How do I go about seeing a show?
Any pre-booked tickets can be collected from the various collection points listed on the Fringe website, we collected ours from the machines at Waverley train station using the card that we purchased the tickets with. A simple swipe and the tickets just print out for all the shows booked.
The great news is that a lot of the shows at the Edinburgh Festival Fringe are free of charge. This means that you can happily turn up at most shows, take a seat and enjoy watching a comedian or show that you may never have heard of or seen before.
For ticketed shows, usually for bigger names such as Frank Skinner or Al Murray, the prices are very decent. Many comedians will use Edinburgh as an opportunity to test new material ahead of stand-up tours later in the year. Our tickets to watch the impressionists ‘Dead Ringers’ and comedian Frank Skinner were £17 per person for each show.
The hardest part of actually seeing a show can be deciding who or what to see. Many comedians will hand out flyers prior to their shows outside the venue. This can be a great opportunity to roll the dice and check out an act that you may never have thought to go and see. Generally the shows last for around an hour in duration.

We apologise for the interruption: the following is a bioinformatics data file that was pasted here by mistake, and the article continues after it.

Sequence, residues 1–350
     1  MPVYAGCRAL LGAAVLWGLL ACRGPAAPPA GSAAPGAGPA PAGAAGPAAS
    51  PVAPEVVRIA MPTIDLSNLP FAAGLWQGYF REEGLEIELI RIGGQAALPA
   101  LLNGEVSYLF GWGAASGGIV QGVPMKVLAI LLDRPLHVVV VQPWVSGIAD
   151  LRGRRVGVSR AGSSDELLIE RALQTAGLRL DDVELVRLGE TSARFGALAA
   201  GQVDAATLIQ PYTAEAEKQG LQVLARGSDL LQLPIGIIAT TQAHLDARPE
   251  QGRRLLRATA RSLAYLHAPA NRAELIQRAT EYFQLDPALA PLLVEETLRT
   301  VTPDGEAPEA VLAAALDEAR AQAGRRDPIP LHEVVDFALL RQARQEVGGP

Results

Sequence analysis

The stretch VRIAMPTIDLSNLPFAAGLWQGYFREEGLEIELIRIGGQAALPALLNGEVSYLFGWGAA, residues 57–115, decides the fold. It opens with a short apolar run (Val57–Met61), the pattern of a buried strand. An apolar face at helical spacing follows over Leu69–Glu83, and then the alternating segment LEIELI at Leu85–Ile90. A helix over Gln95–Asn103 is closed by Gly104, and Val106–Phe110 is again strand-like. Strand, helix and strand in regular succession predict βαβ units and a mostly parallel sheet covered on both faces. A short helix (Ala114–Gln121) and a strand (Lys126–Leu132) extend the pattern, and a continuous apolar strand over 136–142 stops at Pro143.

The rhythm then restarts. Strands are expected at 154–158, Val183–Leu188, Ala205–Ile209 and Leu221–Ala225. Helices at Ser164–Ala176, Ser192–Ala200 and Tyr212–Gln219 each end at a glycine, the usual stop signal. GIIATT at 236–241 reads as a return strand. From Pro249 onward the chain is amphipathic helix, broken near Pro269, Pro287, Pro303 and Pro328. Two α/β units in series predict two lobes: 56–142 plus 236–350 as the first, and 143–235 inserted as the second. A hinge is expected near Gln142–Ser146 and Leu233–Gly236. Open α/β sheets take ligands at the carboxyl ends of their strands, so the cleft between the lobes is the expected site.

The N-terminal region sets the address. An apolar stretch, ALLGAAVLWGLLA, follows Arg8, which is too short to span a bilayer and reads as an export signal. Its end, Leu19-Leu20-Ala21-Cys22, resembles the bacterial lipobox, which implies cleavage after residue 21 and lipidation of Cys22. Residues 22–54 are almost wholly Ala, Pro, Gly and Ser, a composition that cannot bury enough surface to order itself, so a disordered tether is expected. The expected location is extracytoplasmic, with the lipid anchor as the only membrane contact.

The Edinburgh Fringe website is a really useful tool when trying to narrow down your choice of shows. We would highly recommend compiling a shortlist or itinerary of shows that take your fancy. This really helped us get our timings right between the venues to ensure that we got to see everything that we wanted to see.
Many shows, as mentioned earlier, are free or on a ‘PWYW’ basis (Pay What You Want). This means that you have the option at the end to give what you thought that the show was worth. Many comedians will hold bucket collections at the end of the show and contactless donations are also available for those who have no spare change to give.
What is there to eat?
Edinburgh is blessed with a whole range of superb restaurants. You can eat anything from Michelin Star food at The Kitchin in Leith to superb street food all across the city.
Hopping from venue to venue, street food was our go-to when it came to eating in the city. Small villages are set up in places like Princes Street consisting of bars and street traders. A stall specialising in halloumi fries were the most popular during our visit to Princes Street.